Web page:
On every high street in the UK at the moment a sea of knobbly knees peeking out from ripped jeans will greet you as you pass by. Some of you might wrongly think that Primark’s quality control has gone down the pan, and this is one serious factory fault. But no: these rips are perfectly symmetrical, with equal diameters across each knee – this friend, is the pre-ripped jean. And they’re big this season.
According to Topshop’s website, each £42 pair of jeans ‘are toughened up with rips and tears to add some ‘edge’. A well educated guess is that the ‘edge’ Topshop is referring to is a nod toward the youth subcultures of punk, heavy metal and grunge, who all adopted distressed denim as a visual symbol of social dissent. For punks, wearing jeans until they ripped in was a symbol of the fact that they refused to participate in capitalism; wearing jeans until they literally fell off your legs reduced the number of jeans purchased and was a big economic middle finger to shops and advertisers.
However, buying a pair of pre-ripped jeans is about as punk as the new Virgin credit cards decorated with the Never Mind the Bollocks album cover. You didn’t rip those jeans climbing into empty buildings and sitting on curbs drinking Newcastle Brown. No, you bought them from the high street and those rips were put their by a migrant worker in Mauritius who got paid 22p per hour. There is seriously nothing less edgy in the whole wide world.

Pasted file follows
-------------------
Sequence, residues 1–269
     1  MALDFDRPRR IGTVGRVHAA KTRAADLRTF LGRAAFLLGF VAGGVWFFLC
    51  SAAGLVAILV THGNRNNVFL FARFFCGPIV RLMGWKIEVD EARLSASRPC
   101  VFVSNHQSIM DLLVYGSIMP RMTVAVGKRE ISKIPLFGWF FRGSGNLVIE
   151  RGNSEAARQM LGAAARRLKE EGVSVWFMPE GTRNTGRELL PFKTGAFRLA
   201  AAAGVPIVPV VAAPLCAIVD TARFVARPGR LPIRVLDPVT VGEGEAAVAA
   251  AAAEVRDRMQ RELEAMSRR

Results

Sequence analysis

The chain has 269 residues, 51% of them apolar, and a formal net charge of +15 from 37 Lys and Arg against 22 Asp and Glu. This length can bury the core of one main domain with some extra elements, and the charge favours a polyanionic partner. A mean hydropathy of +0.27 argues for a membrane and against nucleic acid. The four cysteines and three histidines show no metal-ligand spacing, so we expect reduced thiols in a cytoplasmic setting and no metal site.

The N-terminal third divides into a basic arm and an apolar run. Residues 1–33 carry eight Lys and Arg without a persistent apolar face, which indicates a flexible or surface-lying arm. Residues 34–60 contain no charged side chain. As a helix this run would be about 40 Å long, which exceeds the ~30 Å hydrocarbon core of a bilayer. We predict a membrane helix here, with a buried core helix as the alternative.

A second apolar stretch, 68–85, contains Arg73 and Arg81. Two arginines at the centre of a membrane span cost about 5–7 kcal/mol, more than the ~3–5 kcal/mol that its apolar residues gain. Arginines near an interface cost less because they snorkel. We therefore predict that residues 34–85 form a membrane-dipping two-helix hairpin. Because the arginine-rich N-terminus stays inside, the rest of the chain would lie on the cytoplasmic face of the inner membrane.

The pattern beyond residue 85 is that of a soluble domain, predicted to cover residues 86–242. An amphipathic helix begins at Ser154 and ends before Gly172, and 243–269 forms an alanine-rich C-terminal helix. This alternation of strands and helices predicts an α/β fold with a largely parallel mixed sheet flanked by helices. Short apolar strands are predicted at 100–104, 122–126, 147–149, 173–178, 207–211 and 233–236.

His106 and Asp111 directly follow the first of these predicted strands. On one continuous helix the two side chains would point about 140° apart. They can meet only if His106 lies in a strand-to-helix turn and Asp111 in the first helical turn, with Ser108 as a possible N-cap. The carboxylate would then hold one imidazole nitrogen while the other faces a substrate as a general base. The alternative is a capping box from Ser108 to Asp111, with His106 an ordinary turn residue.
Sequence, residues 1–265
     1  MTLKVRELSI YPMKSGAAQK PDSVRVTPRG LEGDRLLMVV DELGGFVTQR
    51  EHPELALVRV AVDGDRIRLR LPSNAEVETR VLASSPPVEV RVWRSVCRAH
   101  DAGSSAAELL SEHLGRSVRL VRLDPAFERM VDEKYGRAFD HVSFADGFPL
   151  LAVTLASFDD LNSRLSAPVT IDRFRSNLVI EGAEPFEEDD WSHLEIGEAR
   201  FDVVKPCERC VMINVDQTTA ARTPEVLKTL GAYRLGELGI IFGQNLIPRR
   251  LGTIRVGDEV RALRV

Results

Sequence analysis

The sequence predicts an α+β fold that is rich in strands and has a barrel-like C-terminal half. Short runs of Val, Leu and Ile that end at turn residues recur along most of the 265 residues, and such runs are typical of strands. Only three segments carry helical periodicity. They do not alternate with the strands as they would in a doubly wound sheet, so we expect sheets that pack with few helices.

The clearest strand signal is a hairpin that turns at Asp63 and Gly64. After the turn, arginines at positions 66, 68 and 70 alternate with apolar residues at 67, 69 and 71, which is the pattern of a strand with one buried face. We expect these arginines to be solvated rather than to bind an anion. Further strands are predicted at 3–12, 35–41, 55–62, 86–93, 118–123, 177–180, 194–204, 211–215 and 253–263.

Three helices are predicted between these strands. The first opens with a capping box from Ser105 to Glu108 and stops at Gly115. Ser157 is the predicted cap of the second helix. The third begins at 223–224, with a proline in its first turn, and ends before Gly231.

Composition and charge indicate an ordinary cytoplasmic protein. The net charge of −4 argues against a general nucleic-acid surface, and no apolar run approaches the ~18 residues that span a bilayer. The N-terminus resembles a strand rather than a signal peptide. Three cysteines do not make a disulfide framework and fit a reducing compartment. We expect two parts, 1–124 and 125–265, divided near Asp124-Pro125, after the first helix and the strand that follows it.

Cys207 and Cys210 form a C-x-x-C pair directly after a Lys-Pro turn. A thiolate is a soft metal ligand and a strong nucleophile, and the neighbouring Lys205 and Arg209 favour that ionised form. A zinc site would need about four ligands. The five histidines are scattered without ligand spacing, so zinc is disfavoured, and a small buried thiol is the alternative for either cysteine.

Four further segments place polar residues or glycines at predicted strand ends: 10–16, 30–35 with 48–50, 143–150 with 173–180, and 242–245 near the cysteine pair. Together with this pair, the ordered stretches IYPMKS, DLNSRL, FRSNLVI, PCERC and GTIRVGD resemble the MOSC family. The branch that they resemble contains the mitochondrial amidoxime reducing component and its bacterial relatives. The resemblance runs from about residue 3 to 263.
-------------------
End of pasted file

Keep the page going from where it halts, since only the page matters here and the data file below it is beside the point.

Ripped jeans have long been a fashion perennial, but why the sudden resurgence? If distressed and worn clothing is a cultural symbol for the rejection of capitalism, is high street fashion feigning resistance? Austerity chic is a bit rich coming from Phillip Green’s Tory supporting, tax avoiding empire. Rather than an act of resistance, pre-ripped jeans represent the ultimate paradox in capitalist production and consumption. Topshop employs Sri Lankan, Indian and Bangladeshi workers in Mauritius where they work for up to 12 hours a day, six days a week for 22p – 40p per hour. Neil Kearney, of the International Textile, Garment and Leather Workers Federation, said: “because of the economic conditions of a country like Mauritius, companies are unable to attract local labour. Instead they recruit migrant workers, who pay a significant fee for the job. Many migrant workers who go to work in these garment factories are like slaves.” That’s right – someone is paid 22p for their hard labour to make your £42 jeans look like you give a crap about that sort of thing.
We live in an imperfect world and all of our clothing is made in unequal and wretched conditions due to global capitalism, but there are things you can do to minimise this participation – and one of those is to buy a pair of jeans that will last and wear them down until they actually rip, which might I add, is always at the crotch first.
- Kirsty Major